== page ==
Business rivals finding new ways to compete and collaborate in the cloud computing age
Thu 2 March 2017 - 2:43 pmCloud | News | Tech
Demand for cloud-based services and delivery platforms has grown exponentially worldwide in the last few years, and Australia is no exception. According to Telsyte’s Australian Infrastructure and Cloud Computing Market Study 2015, the value of public cloud infrastructure services is predicted to more than double from $366m in 2015 to $775m by 2019.
The demands of innovative Australian start-ups, app developers, content providers and established software vendors have all played a part in the growing success of cloud technology. This band of old and new have turned to the cloud in unison for the same reason – seeking a cost-effective, scalable platform on which to build services and delivery mechanisms.
From this solid foundation of cloud infrastructure, we’re seeing that the rise of cloud platforms are driving traditional competitors to collaborate. The age-old rivalries between companies operating in the same space is no longer enough to keep collaboration at bay – it pays to tear down walls and embrace the Open Innovation movement. If ever there was a sign that the technology world is becoming more effective, then arch rivals sharing the same cloud platform would be it.
Take, for example, the high-profile music streaming service Spotify. Growing from its initial beginnings in 2008 as a start-up in Sweden, the service today has more than 75 million active users across over 50 countries. It’s serving over 30 million tracks to those users, delivering content via a range of web interfaces, dedicated mobile and desktop apps as well as embedded appliances such as smart TVs and streaming boxes.
Given the significant amount of scalability, flexibility and resilience it takes to ensure it meets the ‘always-on’ expectation of users and to cope with spikes in demand, Spotify recently chose the Google Cloud Platform to host some of its infrastructure. Doing so is interesting in that Google has its own music streaming service, Google Play Music that competes with Spotify. Nonetheless, the appeal of a cost-effective, scalable and reliable shared services platform can trump competitive considerations for both sides. In fact, Google executives are predicting that by the end of this decade revenues from its Cloud operations could surpass revenues from advertising on its search engine.
Amazon Web Services (AWS) is also ushering big-name clients through the door, having been chosen by the likes of movie streaming service Netflix to power its operations. As with Spotify and Google Play Music, Netflix is the primary rival of Amazon Prime Video, yet the two businesses will effectively share the same cloud-based infrastructure.
AWS is also proving to be a popular choice with Australian businesses, being one of only 12 regions in the world where the company has a physical presence. Their arrival in 2012 marked a significant uptake in cloud technology among some of Australia’s most recognised brands: Rio Tinto, Australia Post and Bunnings are all AWS customers.
In the days before shared cloud infrastructures, enterprises sought permanence in everything they did. Now, they seek how best to effectively complete a project or an iteration of a product or service, and move on to the next one. Being unencumbered with legacy hardware and even certain departments when you can instead depend on collaboration is now the prime mission of the best and most forward-looking companies, and using existing cloud space opens up room for an organisation to become more effective, fast, responsive and profitable.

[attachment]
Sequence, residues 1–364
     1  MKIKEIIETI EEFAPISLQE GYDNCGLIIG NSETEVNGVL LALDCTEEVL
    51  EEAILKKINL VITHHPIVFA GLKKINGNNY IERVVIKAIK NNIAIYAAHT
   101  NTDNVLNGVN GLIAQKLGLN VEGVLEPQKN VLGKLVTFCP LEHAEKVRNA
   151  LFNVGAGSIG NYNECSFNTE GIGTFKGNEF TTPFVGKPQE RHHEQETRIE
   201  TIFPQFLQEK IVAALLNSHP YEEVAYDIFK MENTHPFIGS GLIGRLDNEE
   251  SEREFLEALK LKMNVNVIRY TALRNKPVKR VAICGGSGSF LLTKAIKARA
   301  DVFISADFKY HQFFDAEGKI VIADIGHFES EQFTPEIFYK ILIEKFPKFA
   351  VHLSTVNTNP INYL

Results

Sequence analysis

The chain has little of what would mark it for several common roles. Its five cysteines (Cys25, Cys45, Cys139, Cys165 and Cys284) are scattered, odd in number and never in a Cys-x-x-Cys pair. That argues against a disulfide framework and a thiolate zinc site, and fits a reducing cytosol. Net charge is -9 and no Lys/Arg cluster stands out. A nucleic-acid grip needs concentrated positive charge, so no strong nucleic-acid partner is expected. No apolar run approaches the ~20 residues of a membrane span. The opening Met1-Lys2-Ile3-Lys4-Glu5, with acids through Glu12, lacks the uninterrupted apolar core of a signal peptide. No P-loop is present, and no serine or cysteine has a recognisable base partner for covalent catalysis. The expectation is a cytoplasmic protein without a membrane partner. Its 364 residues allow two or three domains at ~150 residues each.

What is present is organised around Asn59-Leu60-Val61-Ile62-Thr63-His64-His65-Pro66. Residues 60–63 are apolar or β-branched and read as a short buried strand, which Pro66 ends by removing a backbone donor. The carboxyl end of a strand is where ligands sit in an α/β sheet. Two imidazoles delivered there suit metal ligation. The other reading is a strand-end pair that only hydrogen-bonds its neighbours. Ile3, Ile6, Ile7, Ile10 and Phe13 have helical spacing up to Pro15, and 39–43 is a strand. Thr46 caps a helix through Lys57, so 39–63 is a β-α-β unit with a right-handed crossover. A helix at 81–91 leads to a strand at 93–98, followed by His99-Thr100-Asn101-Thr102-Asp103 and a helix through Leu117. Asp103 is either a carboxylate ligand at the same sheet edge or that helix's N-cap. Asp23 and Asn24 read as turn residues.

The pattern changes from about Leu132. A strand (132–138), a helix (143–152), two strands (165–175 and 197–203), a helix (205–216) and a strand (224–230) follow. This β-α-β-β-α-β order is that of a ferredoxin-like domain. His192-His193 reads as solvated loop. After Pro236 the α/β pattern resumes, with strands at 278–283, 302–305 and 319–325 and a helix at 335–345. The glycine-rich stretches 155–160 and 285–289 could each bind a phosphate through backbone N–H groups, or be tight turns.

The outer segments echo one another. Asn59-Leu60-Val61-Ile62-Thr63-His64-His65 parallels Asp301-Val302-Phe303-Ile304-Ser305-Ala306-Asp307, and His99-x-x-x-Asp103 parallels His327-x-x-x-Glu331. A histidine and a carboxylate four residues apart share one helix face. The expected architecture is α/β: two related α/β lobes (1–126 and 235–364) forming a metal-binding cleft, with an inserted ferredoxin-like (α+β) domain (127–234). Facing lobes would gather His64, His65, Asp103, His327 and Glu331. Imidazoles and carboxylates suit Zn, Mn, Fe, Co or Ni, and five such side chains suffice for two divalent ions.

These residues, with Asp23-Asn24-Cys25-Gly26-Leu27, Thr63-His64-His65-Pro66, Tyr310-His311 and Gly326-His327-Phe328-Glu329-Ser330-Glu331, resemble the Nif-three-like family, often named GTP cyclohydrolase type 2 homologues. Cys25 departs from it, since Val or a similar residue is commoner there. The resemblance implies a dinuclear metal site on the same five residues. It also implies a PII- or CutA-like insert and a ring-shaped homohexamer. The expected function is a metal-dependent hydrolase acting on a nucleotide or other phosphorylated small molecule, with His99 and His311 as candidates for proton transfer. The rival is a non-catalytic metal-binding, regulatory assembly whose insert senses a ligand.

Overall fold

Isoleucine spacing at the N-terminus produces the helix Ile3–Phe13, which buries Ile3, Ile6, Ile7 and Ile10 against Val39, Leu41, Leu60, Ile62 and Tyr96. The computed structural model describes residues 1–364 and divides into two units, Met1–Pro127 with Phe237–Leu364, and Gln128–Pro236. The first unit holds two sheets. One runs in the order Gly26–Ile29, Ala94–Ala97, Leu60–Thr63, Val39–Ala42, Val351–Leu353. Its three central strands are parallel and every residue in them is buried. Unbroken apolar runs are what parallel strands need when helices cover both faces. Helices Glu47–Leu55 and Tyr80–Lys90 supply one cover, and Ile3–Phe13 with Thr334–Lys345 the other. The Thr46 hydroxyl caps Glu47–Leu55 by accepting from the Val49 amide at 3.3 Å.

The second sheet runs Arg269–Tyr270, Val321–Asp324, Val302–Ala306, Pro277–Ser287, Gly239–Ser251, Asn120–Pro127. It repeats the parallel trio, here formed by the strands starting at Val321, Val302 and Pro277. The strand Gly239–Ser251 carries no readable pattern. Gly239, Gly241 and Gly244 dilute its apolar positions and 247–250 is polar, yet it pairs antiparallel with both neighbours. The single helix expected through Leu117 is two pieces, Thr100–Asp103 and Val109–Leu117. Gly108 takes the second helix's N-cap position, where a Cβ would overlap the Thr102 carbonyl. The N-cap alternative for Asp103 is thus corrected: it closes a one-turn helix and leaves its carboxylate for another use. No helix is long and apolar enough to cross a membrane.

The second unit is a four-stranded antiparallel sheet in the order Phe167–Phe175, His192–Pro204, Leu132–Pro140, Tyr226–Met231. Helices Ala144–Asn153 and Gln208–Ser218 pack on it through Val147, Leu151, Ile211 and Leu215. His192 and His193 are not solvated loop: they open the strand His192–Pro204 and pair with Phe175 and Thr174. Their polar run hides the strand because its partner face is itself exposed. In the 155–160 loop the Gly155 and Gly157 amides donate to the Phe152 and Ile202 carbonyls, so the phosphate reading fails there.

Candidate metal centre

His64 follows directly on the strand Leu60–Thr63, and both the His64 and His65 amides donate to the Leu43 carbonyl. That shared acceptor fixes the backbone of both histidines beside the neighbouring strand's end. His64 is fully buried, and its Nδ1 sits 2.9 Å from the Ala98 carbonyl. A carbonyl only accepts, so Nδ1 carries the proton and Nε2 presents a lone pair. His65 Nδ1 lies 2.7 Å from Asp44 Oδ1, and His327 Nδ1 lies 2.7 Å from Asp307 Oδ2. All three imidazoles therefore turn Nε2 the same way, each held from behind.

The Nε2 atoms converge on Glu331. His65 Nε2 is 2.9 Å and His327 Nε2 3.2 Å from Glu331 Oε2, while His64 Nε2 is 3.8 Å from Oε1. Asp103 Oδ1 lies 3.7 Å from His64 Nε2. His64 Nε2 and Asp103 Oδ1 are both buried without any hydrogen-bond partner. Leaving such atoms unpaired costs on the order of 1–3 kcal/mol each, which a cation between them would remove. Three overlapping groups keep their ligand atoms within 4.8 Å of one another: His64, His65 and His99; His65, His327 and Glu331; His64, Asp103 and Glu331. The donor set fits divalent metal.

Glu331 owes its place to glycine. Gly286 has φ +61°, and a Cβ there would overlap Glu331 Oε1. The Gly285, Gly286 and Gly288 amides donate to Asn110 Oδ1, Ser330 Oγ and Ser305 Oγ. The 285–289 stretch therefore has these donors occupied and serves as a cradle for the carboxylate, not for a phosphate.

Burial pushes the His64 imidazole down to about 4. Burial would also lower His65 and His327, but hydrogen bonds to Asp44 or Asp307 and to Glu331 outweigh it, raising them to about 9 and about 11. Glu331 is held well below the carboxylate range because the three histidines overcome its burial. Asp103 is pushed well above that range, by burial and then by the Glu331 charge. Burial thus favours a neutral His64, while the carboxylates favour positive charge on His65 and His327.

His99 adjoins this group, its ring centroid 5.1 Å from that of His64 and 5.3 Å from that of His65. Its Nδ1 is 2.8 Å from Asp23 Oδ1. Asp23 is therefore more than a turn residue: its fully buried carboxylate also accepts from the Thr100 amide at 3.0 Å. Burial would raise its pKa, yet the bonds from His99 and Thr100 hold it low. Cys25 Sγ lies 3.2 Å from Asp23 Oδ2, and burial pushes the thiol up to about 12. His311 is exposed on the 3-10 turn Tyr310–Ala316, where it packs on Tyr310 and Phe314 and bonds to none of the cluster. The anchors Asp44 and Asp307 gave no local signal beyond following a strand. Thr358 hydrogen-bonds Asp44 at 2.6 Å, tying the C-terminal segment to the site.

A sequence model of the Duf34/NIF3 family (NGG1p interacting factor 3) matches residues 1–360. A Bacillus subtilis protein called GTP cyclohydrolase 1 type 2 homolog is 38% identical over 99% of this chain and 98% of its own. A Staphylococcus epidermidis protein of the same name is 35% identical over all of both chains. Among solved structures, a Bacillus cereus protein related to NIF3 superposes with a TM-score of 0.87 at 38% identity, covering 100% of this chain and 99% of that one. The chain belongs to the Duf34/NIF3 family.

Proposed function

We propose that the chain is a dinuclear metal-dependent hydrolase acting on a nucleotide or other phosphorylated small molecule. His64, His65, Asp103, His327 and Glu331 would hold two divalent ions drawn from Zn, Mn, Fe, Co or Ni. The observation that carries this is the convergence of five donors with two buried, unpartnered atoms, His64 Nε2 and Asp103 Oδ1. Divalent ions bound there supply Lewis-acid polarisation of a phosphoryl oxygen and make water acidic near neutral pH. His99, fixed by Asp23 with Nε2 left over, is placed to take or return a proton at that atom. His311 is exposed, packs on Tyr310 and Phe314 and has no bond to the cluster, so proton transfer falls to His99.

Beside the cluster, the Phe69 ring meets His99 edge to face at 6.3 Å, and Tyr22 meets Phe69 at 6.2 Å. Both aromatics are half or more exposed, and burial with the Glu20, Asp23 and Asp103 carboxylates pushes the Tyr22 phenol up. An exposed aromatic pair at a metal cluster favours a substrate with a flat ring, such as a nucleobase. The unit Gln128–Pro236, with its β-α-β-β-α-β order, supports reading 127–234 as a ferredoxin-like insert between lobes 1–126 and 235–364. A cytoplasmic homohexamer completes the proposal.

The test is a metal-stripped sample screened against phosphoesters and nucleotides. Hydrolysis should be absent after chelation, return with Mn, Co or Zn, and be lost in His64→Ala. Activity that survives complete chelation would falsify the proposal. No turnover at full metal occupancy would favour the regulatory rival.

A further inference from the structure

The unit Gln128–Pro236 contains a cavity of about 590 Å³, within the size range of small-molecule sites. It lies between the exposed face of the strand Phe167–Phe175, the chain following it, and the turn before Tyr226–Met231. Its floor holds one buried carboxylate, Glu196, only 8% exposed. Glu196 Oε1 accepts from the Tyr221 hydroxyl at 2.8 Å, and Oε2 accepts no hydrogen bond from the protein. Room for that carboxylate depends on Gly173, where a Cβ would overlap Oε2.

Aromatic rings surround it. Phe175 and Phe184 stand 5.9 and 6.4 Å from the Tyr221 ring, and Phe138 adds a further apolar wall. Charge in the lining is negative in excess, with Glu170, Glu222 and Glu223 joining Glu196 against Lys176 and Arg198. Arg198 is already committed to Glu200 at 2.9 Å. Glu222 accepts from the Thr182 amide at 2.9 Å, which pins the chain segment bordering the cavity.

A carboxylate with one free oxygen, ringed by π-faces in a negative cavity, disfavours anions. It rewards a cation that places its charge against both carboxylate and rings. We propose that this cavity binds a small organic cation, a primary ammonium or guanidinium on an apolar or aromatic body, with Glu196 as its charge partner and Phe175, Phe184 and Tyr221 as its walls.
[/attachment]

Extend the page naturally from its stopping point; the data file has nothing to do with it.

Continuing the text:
Remember the days when outsourcing was a cure-all for a global corporation’s problems? The idea was that a company could hire a number of outsourcing specialists to oversee tasks and actually have them bid against each other in order to keep costs to a minimum. But then an interesting thing then happened: The Open Innovation movement suggested that a corporation would be better off if it were to seek to create platforms of engagement in which organisations of all kinds – established vendors, new market entrants, and even the competing outsourcers of old – could collaborate and find ways to contribute to making the enterprise more effective.
Traditional banks have been quick to roll out their own platforms, spurred on by the cloud-based collaborative model. A recent report by Infosys found that established banks can be exceptionally good at rolling out new APIs and apps that are just as agile as those from younger members of the Open Source community. In Australia, all of the big four, ANZ, CBA, NAB and Westpac have all invested heavily in cloud based services to improve customer and employee experience.
Emboldened by their new platforms, banks are reinventing themselves as technology organisations. They are even shedding physical form such as branch networks and paying-in books in favour of an app-centric, cloud-hosted existence – industry superfund-owned bank, ME, who operate almost entirely online and over the phone, are a perfect example. Banks already have robust middleware that support their APIs and are adept at building strong partner ecosystems. They have been building multi-party platforms for generations, today’s cloud environment need not be any different.
By no means have traditional corporate rivalries waned. But they are now using each other’s talents and products on innovative platforms that not only serve as conduits to collaboration, but also as new ways to disrupt markets and compete against each other.
About the author
Ganapathy Subramanian, VP & Solutions Head – Platforms at Infosys, a global provider of technology-driven business solutions.